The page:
China, leading the opposition against India's inclusion in the 48-nation Nuclear Suppliers Group (NSG), on Sunday cited "large differences" over the issue of countries which have not signed the Non Proliferation Treaty (NPT) wishing to join the elite nuclear technology club.
As reported by Reuters, Chinese Foreign Ministry spokesman Hong Lei said more discussions were needed to reach a consensus on which countries can join the NSG.
Along with China, New Zealand, Turkey, South Africa and Austria are also opposing India's bid to enter the group. The U.S. recently endorsed India's potential membership to the NSG.
The "large differences" are alluding to a dilution of international principles and protocols.
Despite developing the nuclear bomb and never having signed the NPT, India has been able to find wiggle room through a 2008 exemption to NSG rules that granted to support its nuclear cooperation deal with Washington.
Most of the hold-outs and deadlocks stems from opposing the idea of admitting a non-NPT state such as India and argue that if it is to be admitted, it should be under criteria that apply equally to all states rather than under a "tailor-made" solution for a U.S. ally.
"The NPT is the political and legal basis for the entire international non-proliferation system," Hong said, adding that China would support the group in further talks to come to a consensus at an early date.
"With regard to what to do on the issue of non-NPT signatories joining (the NSG), China consistently supports having ample discussion on this to seek consensus and agreement and come to a unanimous decision," Hong said.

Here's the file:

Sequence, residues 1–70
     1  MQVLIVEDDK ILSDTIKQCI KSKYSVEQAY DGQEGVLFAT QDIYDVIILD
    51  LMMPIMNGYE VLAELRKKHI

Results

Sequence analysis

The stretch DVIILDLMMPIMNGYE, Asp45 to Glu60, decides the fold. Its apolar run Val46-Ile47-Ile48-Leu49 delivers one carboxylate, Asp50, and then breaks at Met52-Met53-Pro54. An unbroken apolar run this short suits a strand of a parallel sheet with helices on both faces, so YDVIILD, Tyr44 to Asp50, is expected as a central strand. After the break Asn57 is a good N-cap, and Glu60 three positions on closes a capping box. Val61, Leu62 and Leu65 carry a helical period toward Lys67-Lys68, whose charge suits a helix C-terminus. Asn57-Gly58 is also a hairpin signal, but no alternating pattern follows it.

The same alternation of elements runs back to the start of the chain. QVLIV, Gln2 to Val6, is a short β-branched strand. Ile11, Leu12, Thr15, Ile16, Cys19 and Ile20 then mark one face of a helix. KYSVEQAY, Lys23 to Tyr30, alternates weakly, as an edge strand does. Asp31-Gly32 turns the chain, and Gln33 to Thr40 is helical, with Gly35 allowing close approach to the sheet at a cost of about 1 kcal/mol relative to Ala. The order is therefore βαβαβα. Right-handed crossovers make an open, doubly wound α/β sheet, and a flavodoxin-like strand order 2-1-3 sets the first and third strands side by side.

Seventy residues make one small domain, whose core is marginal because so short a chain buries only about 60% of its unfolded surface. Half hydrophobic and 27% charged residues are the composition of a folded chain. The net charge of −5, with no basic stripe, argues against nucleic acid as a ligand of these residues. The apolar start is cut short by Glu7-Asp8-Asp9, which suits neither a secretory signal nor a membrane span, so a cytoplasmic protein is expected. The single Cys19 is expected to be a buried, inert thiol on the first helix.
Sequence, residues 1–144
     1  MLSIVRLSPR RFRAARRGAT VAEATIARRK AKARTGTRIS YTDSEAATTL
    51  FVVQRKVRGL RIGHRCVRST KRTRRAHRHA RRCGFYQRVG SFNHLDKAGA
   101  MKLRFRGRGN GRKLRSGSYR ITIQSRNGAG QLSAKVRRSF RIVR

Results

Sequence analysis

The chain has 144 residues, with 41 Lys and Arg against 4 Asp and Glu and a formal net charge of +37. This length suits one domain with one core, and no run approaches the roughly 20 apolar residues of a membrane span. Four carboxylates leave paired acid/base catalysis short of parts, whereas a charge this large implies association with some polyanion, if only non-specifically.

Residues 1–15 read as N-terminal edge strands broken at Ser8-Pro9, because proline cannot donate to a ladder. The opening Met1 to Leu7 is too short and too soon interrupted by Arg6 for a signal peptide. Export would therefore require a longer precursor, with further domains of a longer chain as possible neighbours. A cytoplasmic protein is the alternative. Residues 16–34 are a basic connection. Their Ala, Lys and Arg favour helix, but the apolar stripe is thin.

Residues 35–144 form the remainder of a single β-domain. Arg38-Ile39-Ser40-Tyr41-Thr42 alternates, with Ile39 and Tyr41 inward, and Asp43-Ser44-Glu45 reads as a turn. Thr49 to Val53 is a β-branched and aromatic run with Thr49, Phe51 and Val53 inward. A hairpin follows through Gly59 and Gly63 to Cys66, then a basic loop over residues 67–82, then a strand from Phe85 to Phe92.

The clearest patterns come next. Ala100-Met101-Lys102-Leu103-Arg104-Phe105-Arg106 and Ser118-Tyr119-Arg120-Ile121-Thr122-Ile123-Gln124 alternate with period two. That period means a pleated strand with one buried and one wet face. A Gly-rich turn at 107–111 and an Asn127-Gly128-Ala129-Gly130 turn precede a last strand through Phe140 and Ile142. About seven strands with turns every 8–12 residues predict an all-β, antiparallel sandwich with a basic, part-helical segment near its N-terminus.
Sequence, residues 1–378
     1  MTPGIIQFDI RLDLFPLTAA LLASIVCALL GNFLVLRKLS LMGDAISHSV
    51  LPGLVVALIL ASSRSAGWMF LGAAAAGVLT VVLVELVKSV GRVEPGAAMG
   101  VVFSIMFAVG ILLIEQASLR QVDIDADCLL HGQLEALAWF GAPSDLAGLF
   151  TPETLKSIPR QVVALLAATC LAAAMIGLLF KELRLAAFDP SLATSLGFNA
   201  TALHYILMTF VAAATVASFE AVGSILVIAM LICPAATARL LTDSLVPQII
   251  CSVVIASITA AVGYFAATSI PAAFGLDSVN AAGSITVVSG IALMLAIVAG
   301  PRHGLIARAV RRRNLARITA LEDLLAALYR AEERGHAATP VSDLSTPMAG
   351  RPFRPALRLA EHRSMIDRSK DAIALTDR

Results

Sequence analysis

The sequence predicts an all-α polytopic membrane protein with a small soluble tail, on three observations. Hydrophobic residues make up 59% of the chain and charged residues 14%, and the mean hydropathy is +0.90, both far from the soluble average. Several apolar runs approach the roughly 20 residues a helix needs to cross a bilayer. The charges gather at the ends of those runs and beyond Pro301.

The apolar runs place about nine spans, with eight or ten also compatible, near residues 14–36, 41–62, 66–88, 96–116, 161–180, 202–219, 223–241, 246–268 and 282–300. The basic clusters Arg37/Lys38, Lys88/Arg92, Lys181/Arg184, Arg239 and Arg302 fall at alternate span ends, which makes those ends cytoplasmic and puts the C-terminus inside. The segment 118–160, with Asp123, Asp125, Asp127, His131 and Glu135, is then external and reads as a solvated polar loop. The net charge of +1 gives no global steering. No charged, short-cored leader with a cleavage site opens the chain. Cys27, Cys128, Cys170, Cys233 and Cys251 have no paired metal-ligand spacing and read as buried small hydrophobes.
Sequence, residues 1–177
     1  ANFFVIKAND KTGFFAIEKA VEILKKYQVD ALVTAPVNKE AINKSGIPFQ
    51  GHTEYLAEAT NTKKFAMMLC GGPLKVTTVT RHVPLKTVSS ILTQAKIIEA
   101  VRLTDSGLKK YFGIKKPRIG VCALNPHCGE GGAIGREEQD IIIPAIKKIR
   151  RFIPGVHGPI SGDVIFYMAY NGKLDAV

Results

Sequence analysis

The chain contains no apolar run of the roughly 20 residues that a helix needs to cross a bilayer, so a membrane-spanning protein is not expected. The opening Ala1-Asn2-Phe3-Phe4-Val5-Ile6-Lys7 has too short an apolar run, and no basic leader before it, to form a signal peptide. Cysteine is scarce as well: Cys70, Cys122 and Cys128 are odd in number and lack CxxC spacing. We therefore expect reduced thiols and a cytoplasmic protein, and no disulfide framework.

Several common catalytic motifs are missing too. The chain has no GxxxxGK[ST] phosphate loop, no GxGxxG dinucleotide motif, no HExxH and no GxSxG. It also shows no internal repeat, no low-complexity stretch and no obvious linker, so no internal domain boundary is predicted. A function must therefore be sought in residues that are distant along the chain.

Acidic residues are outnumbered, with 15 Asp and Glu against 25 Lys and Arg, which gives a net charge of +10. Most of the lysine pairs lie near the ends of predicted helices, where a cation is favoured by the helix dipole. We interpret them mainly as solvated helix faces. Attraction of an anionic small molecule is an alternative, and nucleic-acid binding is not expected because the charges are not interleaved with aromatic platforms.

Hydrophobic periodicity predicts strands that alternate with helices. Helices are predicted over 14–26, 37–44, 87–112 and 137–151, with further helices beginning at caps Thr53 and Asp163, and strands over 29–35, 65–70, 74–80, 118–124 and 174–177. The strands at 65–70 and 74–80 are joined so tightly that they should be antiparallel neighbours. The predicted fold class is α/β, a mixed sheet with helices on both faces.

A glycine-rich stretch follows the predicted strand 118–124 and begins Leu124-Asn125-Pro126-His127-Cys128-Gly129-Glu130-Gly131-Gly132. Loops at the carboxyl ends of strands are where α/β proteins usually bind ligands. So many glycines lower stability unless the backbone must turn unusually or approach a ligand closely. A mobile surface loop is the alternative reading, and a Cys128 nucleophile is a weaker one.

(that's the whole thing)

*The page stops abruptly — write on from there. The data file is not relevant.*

The final decision on the Indian membership is not expected before an NSG plenary meeting in Seoul on June 20, but diplomats have said Washington has been attempting to mediate deadlocks.
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However, not everybody shares the same sense of enthusiasm about India's entry into the NSG. There are several reasons for being critical of India's nuclear ambitions.
According to another article published in Newsclick, even though the developed world is phasing out its dependence on and use nuclear energy for cheaper renewable forms of energy, India will pay a whooping Rs. 2.8 lakh crore for six nuclear reactor units, which reportedly works out to be approximately seven times more costly than that of coal-based thermal plants.
India has consistently demonstrated a poor record of safety standards and checks. This was also reflected in the recent incident where three miners died in the Turamdih uranium mine in Jharkhand on 28 May.
From financial cost to environmental impact, broadly contrasting every supposed benefit from India being included into the NSG, a recently released statement by the Coalition for Nuclear Disarmament and Peace (CNDP) stated that India's national network of over 200 voluntary and individuals critiqued the currents governments' dilution of nuclear liability law.
"The (signing of) Convention on Supplementary Compensation (CSC) is a template promoted by international nuclear lobbies, channelling the entire liability to the operator of plants and exempting the supplier companies. In case of a future nuclear accident in India, this would create a situation worse than Bhopal, whose victims continue to struggle for justice."CNDP said in an online statement published on their website.
The statement also dubs the hyperbole which advocates nuclear energy as clean energy and solution to climate change as a "fictitious claim."
"Nuclear energy has its own heavy carbon footprints – from mining to construction of plants to disposal of waste – and has a long incubation period which makes renewable energy sources as a more efficient and faster solution to the challenge of climate change" said the CNDP statement.
Amid resurgent fears of nuclear apocalypse, India's commitment to nuclear energy in the face of such overwhelming evidence should certainly be re-evaluated with a more balanced debate and discussion.